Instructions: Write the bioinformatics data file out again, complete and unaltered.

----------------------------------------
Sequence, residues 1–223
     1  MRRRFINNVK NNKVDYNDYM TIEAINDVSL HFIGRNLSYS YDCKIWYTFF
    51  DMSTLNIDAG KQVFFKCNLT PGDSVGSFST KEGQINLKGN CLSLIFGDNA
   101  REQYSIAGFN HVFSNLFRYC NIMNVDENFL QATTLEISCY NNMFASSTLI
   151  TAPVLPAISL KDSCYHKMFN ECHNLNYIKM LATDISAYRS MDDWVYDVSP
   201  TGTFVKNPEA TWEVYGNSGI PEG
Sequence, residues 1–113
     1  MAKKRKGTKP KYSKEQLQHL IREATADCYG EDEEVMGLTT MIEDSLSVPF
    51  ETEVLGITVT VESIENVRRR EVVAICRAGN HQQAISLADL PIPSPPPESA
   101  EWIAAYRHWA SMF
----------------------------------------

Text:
Sequence, residues 1–223
     1  MRRRFINNVK NNKVDYNDYM TIEAINDVSL HFIGRNLSYS YDCKIWYTFF
    51  DMSTLNIDAG KQVFFKCNLT PGDSVGSFST KEGQINLKGN CLSLIFGDNA
   101  REQYSIAGFN HVFSNLFRYC NIMNVDENFL QATTLEISCY NNMFASSTLI
   151  TAPVLPAISL KDSCYHKMFN ECHNLNYIKM LATDISAYRS MDDWVYDVSP
   201  TGTFVKNPEA TWEVYGNSGI PEG
Sequence, residues 1–113
     1  MAKKRKGTKP KYSKEQLQHL IREATADCYG EDEEVMGLTT MIEDSLSVPF
    51  ETEVLGITVT VESIENVRRR EVVAICRAGN HQQAISLADL PIPSPPPESA
   101  EWIAAYRHWA SMF